The government stopped judging regional commissioners on how many schools in their regions were in need of an academy trust after figures revealed far more sponsors were needed than were available.

Documents obtained by Schools Week also reveal that the two other key performance indicators (KPIs) used to keep track on the number of sponsors in commissioner areas relied on inaccurate data. One KPI was even dropped.

Originally the Department for Education (DfE) said it would judge commissioners on how many schools in their local authority areas required an academy sponsor, compared with how many sponsors were available.

The government said it dropped this measure in 2015 because its estimates of sponsor capacity were not “regularly updated” and “not considered to be accurate”.

However, the RSC performance figures for 2014-15 released to Schools Week show the number of areas suffering sponsor shortages increased for half the commissioners.

The fact the DfE said it has inaccurate data on sponsor capacity is alarming

Commissioners are responsible for improving the number of good sponsors available to take over struggling schools.

Mary Bousted, general secretary of the Association of Teachers and Lecturers, said: “Issues of MAT [multi-academy trust] capacity and quality go to the heart of the academies programme. The fact the DfE said it has inaccurate data on sponsor capacity is alarming.”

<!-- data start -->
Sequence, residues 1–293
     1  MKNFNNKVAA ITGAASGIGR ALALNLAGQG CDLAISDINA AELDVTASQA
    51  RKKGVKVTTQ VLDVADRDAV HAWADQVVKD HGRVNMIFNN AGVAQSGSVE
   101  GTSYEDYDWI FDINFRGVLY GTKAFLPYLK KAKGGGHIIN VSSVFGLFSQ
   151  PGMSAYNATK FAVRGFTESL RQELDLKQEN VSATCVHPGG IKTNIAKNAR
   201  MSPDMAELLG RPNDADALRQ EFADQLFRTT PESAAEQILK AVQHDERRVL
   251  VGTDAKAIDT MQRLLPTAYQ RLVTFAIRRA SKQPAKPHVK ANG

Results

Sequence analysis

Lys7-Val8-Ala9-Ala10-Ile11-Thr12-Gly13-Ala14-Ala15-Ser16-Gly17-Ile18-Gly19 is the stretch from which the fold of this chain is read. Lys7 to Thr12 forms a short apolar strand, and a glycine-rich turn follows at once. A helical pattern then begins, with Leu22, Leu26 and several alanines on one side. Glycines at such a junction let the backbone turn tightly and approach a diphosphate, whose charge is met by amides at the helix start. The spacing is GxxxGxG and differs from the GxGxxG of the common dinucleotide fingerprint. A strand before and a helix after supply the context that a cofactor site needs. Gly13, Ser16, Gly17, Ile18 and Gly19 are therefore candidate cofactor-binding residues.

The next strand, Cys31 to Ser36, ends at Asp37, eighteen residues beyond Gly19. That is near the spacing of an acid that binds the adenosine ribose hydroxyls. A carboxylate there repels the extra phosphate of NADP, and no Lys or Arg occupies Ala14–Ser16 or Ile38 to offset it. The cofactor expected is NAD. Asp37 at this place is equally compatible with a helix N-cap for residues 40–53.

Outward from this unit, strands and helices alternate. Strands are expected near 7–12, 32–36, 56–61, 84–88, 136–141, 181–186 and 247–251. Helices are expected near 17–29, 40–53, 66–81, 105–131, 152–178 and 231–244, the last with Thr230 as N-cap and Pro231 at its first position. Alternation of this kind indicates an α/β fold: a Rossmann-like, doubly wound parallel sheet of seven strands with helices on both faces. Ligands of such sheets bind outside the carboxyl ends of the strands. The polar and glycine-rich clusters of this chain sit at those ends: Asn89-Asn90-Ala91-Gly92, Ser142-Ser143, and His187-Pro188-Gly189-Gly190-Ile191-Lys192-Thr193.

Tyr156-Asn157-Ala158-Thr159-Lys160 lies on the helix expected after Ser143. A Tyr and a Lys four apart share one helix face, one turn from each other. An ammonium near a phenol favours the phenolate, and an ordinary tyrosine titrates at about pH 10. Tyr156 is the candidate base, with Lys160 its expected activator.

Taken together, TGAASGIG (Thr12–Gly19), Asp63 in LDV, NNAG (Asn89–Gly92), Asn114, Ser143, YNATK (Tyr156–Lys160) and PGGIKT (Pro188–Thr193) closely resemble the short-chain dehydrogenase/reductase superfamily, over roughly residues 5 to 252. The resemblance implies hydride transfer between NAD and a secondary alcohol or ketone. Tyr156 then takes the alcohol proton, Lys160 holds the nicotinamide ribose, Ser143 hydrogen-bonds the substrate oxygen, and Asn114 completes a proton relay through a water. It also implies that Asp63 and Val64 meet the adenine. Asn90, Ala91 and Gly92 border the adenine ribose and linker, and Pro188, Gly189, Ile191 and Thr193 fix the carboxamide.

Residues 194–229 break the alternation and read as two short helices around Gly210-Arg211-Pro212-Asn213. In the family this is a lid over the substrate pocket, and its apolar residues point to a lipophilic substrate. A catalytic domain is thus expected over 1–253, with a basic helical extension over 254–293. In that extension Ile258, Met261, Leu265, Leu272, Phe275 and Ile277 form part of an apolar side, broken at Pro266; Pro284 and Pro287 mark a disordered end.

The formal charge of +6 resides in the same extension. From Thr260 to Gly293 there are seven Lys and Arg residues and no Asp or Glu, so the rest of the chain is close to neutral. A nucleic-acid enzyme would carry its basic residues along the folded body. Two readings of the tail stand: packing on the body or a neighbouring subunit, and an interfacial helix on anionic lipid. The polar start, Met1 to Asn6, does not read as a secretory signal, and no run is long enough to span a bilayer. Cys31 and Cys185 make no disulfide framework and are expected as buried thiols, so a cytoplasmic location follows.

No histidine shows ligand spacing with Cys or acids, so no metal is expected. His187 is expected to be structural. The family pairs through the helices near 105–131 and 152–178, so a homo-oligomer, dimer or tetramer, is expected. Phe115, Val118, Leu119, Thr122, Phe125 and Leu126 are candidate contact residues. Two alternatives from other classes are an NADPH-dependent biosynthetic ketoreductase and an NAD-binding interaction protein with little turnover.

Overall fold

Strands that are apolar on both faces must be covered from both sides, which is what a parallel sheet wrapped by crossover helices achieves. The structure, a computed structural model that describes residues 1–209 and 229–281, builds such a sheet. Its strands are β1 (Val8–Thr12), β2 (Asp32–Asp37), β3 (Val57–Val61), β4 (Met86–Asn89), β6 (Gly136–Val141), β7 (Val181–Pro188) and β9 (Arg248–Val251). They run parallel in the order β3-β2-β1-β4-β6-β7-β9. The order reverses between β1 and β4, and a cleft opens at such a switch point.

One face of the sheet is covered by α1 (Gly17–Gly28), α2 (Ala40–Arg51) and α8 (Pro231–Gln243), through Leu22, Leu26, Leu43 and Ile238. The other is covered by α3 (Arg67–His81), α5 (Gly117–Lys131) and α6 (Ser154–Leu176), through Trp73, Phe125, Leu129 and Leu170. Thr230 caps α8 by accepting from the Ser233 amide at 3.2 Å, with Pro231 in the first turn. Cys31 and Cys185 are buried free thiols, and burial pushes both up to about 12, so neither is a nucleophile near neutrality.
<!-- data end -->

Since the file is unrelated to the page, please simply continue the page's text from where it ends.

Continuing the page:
Of the four commissioners who faced increased demand for sponsors, Sir David Carter’s rose the sharpest.

In September 2014, when he took on the job, a third of the council areas in Carter’s south west region lacked enough sponsors to meet demand.

That number rose by 20 percentage points to 53 per cent by October 2015.

Pank Patel, the former West Midlands RSC, had a 19 percentage point rise in the same period, up to 63 per cent.

The other four commissioners decreased their sponsor demand figures. Janet Renou, RSC for the north, had the largest drop of 22 percentage points, down to 21 per cent.

Bousted added: “If they [the government] is still working on academisation, but can’t find more sponsors, then RSCs could be taking out schools from local authorities and putting them into MATs that won’t make a difference. The department doesn’t have a plan B.”

Three of the eight KPIs relate to sponsors. The other two are the percentage of approved sponsors that are active (KPI 7), and the percentage change in sponsor attainment rating (KPI 6).

The DfE, in its FOI response, said the data for active sponsors (used in KPI 7) wasn’t entirely accurate because it “underestimated” the real number of sponsors.

This was because the indicator used records of historically approved sponsors, some of which were no longer looking to take over schools.
Data for KPI 6, relating to the quality of sponsors, was not released because the DfE said that showing it would “undermine the confidence in … commissioners”, which could “risk the success of the programme”.


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